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New Report: Baltimore mayor ordered police to stand down as buildings burned, officers assaulted

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Baltimore Mayor Stephanie Rawlings-Blake, back right, listens as Rep. Elijah Cummings, D-Md., speaks in front of faith and community leaders at a news conference calling for peace in response to a Freddie Gray protest that turned violent, Sunday, April 26, 2015, at the Bethel AME Church in Baltimore. Gray died from spinal injuries about a week after he was arrested and transported in a police van. (AP Photo/Patrick Semansky)
Baltimore Mayor Stephanie Rawlings-Blake, back right, listens as Rep. Elijah Cummings, D-Md., speaks in front of faith and community leaders at a news conference calling for peace in response to a Freddie Gray protest that turned violent, Sunday, April 26, 2015, at the Bethel AME Church in Baltimore. Gray died from spinal injuries about a week after he was arrested and transported in a police van. (AP Photo/Patrick Semansky)


A report cited by The Daily Mail claims Baltimore mayor Stephanie Rawlings-Blake gave the command for police officers to stand down as rioters and looters overran the city.

A senior law enforcement source stated that the mayor told her officers to do nothing as the riots began, bringing forth the question if they could have been prevented from starting. When asked if the mayor was the one who issued the order the source replied, “You are God damn right it was.”

An injured police officer is carried away by his fellow officers Monday, April 27, 2015, in Baltimore. Rioters plunged part of Baltimore, torching a pharmacy, setting police cars ablaze and throwing bricks at officers. (Erica Green/The Baltimore Sun via AP)
An injured police officer is carried away by his fellow officers Monday, April 27, 2015, in Baltimore. Rioters plunged part of Baltimore, torching a pharmacy, setting police cars ablaze and throwing bricks at officers. (Erica Green/The Baltimore Sun via AP)

The mayor continues to deny she issued the order as Baltimore slowly begins to return to a relative calm state with schools reopening and people returning to work.

“You have to understand, it is not holding back. It is responding appropriately,” Mayor Blake said in an interview with Fox News’ Bill Hemmer as she continued to deny allegations against her.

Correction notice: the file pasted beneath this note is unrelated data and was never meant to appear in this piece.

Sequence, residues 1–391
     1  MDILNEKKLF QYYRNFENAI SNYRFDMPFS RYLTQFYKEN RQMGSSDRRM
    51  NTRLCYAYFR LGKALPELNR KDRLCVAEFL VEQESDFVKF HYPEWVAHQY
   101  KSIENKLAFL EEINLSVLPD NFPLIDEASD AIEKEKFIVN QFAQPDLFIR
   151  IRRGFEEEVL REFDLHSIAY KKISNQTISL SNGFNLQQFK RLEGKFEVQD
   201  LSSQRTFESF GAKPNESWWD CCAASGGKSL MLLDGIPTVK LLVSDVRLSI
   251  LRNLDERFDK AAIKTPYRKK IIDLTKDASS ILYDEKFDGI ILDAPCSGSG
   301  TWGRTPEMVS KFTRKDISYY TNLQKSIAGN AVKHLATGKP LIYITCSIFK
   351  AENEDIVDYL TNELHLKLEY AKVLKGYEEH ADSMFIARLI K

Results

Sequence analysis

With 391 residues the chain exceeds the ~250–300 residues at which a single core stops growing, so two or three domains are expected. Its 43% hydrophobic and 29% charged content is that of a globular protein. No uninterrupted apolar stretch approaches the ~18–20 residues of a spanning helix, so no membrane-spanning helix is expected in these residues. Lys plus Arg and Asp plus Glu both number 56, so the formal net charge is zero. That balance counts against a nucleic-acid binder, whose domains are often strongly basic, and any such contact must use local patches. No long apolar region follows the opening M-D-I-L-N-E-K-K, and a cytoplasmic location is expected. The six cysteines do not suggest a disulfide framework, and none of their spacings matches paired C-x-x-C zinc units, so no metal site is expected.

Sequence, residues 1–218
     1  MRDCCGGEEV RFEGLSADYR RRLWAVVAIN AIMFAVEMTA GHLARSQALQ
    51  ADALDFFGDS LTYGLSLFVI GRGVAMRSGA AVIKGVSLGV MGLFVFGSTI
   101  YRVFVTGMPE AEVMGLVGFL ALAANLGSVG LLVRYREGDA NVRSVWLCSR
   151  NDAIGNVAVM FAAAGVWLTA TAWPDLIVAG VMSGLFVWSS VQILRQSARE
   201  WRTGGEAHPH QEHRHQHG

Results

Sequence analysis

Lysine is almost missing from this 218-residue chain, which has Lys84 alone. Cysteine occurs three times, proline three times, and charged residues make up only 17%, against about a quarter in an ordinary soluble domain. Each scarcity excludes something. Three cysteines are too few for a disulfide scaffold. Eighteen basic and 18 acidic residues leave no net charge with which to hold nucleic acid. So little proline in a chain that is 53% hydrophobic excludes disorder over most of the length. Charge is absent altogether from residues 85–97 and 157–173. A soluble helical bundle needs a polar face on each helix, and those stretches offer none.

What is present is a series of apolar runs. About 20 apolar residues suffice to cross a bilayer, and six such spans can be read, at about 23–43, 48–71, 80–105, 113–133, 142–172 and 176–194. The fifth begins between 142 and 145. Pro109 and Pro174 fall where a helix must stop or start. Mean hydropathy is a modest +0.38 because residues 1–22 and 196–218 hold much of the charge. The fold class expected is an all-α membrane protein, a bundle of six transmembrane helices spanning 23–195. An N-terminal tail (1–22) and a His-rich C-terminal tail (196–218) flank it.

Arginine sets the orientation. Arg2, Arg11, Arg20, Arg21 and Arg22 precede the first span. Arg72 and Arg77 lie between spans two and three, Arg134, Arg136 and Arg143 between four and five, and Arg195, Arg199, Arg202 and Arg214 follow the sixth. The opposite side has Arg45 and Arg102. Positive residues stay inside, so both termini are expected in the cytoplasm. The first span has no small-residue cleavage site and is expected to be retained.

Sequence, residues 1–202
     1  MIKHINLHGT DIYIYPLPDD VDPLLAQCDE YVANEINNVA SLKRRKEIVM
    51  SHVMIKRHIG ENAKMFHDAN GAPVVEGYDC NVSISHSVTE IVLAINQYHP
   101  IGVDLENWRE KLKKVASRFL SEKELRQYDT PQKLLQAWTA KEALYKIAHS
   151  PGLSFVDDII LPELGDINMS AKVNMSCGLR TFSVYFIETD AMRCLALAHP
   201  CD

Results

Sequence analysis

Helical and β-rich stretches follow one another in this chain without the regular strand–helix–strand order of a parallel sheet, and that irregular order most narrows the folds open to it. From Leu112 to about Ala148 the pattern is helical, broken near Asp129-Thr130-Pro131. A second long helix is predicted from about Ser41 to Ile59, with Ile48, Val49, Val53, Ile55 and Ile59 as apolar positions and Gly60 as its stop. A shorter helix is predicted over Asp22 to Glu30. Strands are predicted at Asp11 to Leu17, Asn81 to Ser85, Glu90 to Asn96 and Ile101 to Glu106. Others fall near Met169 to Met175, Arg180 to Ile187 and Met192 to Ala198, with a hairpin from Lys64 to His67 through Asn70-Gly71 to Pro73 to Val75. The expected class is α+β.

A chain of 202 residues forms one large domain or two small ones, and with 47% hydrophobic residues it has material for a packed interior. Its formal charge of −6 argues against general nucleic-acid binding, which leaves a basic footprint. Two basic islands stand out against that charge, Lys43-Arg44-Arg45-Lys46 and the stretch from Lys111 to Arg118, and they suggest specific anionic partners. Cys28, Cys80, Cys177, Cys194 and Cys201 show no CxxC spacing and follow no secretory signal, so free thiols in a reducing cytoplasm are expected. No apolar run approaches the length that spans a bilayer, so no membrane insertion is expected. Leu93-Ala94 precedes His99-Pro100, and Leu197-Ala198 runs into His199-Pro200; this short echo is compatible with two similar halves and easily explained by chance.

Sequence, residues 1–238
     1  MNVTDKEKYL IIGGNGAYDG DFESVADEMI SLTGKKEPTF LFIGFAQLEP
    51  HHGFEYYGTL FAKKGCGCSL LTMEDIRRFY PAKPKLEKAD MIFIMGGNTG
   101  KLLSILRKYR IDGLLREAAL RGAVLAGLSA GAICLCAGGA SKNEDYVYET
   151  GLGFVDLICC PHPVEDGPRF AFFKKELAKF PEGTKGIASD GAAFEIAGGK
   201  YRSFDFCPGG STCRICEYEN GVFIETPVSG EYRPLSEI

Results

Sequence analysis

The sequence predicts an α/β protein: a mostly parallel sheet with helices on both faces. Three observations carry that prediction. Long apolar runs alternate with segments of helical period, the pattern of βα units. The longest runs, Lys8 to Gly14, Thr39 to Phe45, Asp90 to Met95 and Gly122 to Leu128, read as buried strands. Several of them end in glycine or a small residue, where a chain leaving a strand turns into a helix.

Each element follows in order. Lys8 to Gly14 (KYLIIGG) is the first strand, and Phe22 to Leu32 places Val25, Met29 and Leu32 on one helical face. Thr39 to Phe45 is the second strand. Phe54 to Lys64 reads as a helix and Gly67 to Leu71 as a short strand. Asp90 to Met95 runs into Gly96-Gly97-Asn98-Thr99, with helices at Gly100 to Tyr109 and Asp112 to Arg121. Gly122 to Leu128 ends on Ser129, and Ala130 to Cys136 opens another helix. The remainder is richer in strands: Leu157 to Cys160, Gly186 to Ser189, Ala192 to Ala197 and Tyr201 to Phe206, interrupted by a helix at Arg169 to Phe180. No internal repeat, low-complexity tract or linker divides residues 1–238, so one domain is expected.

A man carries items from a store as police vehicles burn, Monday, April 27, 2015, after the funeral of Freddie Gray in Baltimore. Gray died from spinal injuries about a week after he was arrested and transported in a Baltimore Police Department van. (AP Photo/Patrick Semansky)
A man carries items from a store as police vehicles burn, Monday, April 27, 2015, after the funeral of Freddie Gray in Baltimore.  (AP Photo/Patrick Semansky)

The mayor is also being accused for waiting too long to declare an emergency and request the National Guard. Maryland Governor Larry Hogan claims he didn’t use his executive authority and send in the troops because “We didn’t think it was appropriate to come in and take over the city without the request of the mayor.”

The governor continued to say that as soon as the mayor contacted him “it was about 30 seconds before we completely activated all of the resources that we had to bear.”

Smoke billows from a CVS Pharmacy store in  Baltimore on Monday, April 27, 2015. Demonstrators clashed with police after the funeral of Freddie Gray. Gray died from spinal injuries about a week after he was arrested and transported in a Baltimore Police Department van. (AP Photo/Juliet Linderman)
Smoke billows from a CVS Pharmacy store in Baltimore on Monday, April 27, 2015. Demonstrators clashed with police after the funeral of Freddie Gray. (AP Photo/Juliet Linderman)

Rawlings-Blake dismissed the statement by saying, “We responded very quickly to a very difficult situation. It’s understandable to armchair quarterback and second-guess, but there is a very delicate balancing act that you have to do in order to respond but not over-respond.”

A curfew was set on the city and it was enforced with the help of 3,000 additional police officers and National Guardsmen. Between Monday and Tuesday the damage to the city included:

  • 245 people arrested, 34 of which were juveniles
  • 19 buildings set on fire
  • 21 police officers injured
  • 144 vehicles burned

Tensions remain high in the city as the leaders try to return things to normal.

“While things are way better than they are it’s not over yet,” said Governor Larry Hogan. “We still have concerns of possible unrest.”

Governor Hogan, along with Mayor Rawlings-Blake and other officials have been making appearances throughout the day, making promises to restore balance and pride back to their city

 

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